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Alexander Hamilton, Preparing to Report to Congress on Public Credit, Establishes U.S. Treasury Department’s Forms & Procedures
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The First Federal Congress established the Treasury Department on September 2, 1789, only three months before this letter. Hamilton became Secretary of the Treasury – actually the very first member of George Washington’s cabinet – on September 11. Hamilton speedily created processes to organize and run the new nation’s financial system. He requires weekly returns of cash receipts and disbursements, and notes that while monthly returns on import duties will normally not be required, they are for the year about to end. He mentions the need for this information so he can make timely reports to Congress near the beginning of their sessions, with “the information relative to the Revenue which they will necessarily require.” In fact, responding to the request of Congress, Hamilton delivered his seminal Report on Public Credit on January 14, 1790. This letter, introducing his subordinate customs and tax collectors to the developing system, is an early and important part of the process.

ALEXANDER HAMILTON. Letter Signed as Treasury Secretary. New York, December 1, 1789. 2 pp., 8 x 10 in.

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Complete Transcript
(Circular)                    Treasury Department

                                                December 1st 1789

The Comptroller of the Treasury will forward to you by this or the ensuing post, the whole of the Forms necessary for making your Returns to the Office, and rendering your Accts at the Treasury.

            You will observe that in these General Forms it is not required, that you should make a monthly Return of the Duties on Imports, and that in the Weekly Returns of the Cash Receipts and Disbursements (and not the Bonds) are only included. It is necessary however to observe that I have special reasons for directing you to make out Monthly Returns of the Merchandize imported, to the 31st of December Instant, in the mode pointed out in my former Circular Letters after which they may be discontinued.

            The public service requires the strictest care and Punctuality in adhering to the Forms now established and in forwarding them regularly to this Office; I therefore rely on your attention to these points, and if from any Circumstances you should be prevented from forwarding them, in course after they are made out, you will not omit to embrace the first Occasion of transmitting them as soon after as possible so that the whole of the returns required may be certain of reaching me with as little delay as possible.

            It is particularly desireable that the Returns to the end of the present month may be forwarded as soon after the expiration of it as possible; unless this is done I shall not be able to lay before the Legislature at the early part of their Sessions that information relative to the Revenue which they will necessarily require.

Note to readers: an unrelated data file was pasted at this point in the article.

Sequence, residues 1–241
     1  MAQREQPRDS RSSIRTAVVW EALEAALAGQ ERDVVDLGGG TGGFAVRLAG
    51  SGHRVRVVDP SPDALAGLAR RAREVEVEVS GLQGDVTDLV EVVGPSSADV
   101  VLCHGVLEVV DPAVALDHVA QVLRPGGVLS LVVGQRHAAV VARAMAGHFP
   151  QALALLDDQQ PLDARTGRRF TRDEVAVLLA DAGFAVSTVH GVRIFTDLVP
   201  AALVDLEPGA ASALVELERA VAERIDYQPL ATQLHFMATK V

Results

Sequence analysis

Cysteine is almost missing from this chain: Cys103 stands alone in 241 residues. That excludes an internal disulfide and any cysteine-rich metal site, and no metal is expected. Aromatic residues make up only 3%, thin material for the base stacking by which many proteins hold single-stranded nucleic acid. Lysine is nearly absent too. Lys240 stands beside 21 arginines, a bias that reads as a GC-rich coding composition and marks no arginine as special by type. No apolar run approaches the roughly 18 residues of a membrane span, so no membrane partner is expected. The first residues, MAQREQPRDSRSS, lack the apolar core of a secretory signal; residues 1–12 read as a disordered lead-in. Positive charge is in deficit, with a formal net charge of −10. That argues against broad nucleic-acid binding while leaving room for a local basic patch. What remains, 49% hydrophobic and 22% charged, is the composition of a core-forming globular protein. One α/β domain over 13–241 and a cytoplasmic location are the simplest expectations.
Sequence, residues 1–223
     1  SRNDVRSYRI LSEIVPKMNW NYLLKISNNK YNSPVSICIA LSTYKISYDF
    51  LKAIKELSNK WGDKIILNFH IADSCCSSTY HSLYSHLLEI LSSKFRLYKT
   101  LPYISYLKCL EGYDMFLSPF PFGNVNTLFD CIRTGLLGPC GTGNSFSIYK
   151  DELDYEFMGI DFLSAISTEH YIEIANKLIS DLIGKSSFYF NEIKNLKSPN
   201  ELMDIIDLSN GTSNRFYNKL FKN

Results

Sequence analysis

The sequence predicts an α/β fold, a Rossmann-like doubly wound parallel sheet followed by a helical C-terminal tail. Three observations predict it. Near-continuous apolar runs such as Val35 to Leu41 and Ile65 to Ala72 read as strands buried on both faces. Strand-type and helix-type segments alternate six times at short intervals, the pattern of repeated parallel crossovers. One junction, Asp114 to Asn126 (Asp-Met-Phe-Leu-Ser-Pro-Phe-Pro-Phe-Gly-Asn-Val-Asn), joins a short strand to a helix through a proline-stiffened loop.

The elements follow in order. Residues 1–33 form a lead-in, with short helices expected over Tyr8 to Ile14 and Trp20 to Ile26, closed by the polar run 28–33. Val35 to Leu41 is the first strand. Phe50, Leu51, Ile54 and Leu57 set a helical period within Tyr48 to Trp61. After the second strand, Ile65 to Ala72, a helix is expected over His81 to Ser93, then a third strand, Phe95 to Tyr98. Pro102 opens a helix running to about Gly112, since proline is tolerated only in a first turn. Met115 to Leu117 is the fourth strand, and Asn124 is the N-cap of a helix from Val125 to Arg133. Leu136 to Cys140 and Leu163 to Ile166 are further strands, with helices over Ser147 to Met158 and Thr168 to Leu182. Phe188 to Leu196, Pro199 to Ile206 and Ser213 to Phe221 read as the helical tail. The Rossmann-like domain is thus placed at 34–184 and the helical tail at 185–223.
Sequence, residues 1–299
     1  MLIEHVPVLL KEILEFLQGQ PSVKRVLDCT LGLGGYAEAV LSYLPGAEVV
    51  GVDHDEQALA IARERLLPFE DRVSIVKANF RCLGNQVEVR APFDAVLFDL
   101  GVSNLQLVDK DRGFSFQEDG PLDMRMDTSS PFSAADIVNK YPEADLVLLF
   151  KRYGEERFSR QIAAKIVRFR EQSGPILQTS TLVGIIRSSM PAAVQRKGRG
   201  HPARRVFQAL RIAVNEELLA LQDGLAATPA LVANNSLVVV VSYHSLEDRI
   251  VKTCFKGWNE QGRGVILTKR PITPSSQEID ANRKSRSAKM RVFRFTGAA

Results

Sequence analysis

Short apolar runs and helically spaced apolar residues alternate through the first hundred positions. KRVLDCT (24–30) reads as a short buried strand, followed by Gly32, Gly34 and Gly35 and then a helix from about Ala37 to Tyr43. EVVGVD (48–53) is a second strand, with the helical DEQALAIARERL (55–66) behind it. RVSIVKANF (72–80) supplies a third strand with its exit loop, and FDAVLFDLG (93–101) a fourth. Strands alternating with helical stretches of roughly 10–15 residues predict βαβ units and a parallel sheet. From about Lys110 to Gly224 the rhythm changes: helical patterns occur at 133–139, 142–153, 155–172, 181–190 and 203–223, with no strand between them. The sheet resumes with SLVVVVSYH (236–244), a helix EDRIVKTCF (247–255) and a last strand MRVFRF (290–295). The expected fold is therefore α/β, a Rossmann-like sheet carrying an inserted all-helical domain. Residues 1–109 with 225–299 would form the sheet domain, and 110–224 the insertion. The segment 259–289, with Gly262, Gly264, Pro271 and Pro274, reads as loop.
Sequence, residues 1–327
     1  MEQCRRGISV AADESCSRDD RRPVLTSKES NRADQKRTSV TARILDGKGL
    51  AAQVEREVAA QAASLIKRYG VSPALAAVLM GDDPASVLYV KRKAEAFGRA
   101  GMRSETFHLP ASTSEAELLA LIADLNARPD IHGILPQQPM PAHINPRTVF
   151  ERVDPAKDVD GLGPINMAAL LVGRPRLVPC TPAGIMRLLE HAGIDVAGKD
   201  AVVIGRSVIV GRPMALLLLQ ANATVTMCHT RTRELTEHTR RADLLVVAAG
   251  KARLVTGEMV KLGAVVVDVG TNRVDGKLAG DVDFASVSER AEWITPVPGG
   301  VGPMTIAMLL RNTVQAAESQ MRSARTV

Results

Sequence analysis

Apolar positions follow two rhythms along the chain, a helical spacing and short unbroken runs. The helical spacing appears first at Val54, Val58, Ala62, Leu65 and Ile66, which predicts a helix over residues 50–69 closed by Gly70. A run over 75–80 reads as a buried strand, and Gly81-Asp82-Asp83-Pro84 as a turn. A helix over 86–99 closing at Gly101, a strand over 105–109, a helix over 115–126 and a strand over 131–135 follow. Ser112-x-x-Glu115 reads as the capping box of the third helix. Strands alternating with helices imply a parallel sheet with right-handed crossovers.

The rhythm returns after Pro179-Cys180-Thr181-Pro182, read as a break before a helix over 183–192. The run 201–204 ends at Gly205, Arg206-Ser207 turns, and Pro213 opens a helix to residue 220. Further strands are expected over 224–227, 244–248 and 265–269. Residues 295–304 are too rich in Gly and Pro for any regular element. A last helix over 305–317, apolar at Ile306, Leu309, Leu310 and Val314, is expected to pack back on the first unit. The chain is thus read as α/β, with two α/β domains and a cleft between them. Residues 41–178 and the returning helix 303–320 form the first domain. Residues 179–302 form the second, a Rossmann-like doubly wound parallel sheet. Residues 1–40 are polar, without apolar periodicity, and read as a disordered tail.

I am sir

                                    Your obedient Servant

                                                A. Hamilton

                                                            Secy of the Treasury

P.S It is not expected that in making up your accounts to the time [the]comptrollers instructions reach you, you will be able to adhere exactly to the forms of the Receipts transmitted you wither for the payment of the orders drawn on you heretofore, or other disbursements, such as you have taken for disbursements, must accompany your accounts as well as the orders &c with the Receipts on them—in other respects I presume you will be able to follow the forms—

Historical Background
In order to place the new nation on firm financial ground, Alexander Hamilton spearheaded the establishment of customs districts, a national bank, impost duties and excise taxes, and counter-intuitively proposed that the federal government take on most of the states’ remaining Revolutionary war debts. Hamilton’s ambitious plans for the federal government required information from  a wide array of inspectors and collectors from districts ranging from Massachusetts to Georgia. In this circular letter, Hamilton introduces the forthcoming forms necessary to provide the Treasury with accurate information on the Returns

Alexander Hamilton (1757-1804). Born on the island of Nevis, in 1777, Hamilton became Washington’s aide-de-camp. After the war he studied law and became one of the most eminent lawyers in New York. In 1782 he was returned to Congress. In 1786, Hamilton took the leading part in the convention at Annapolis, which prepared the way for the Constitutional Convention that met at Philadelphia in 1787. In the same year, he conceived the series of essays afterward collected as The Federalist, and wrote 51 of the 85 works himself. Upon the establishment of the new government in 1789, Hamilton was appointed Secretary of the Treasury and restored the country’s finances to a firm footing. In 1795 he resigned his office, but remained the actual leader of the Federalist Party at the forefront of political strife between the Federalists and the newly-formed Democratic-Republicans until his death in a duel with Vice President Aaron Burr.

Fine. Old folds as expected. One chip from left margin, likely from wax seal; affecting one word (“the”) in the postscript, but nothing on the first page. Slight toning on right edge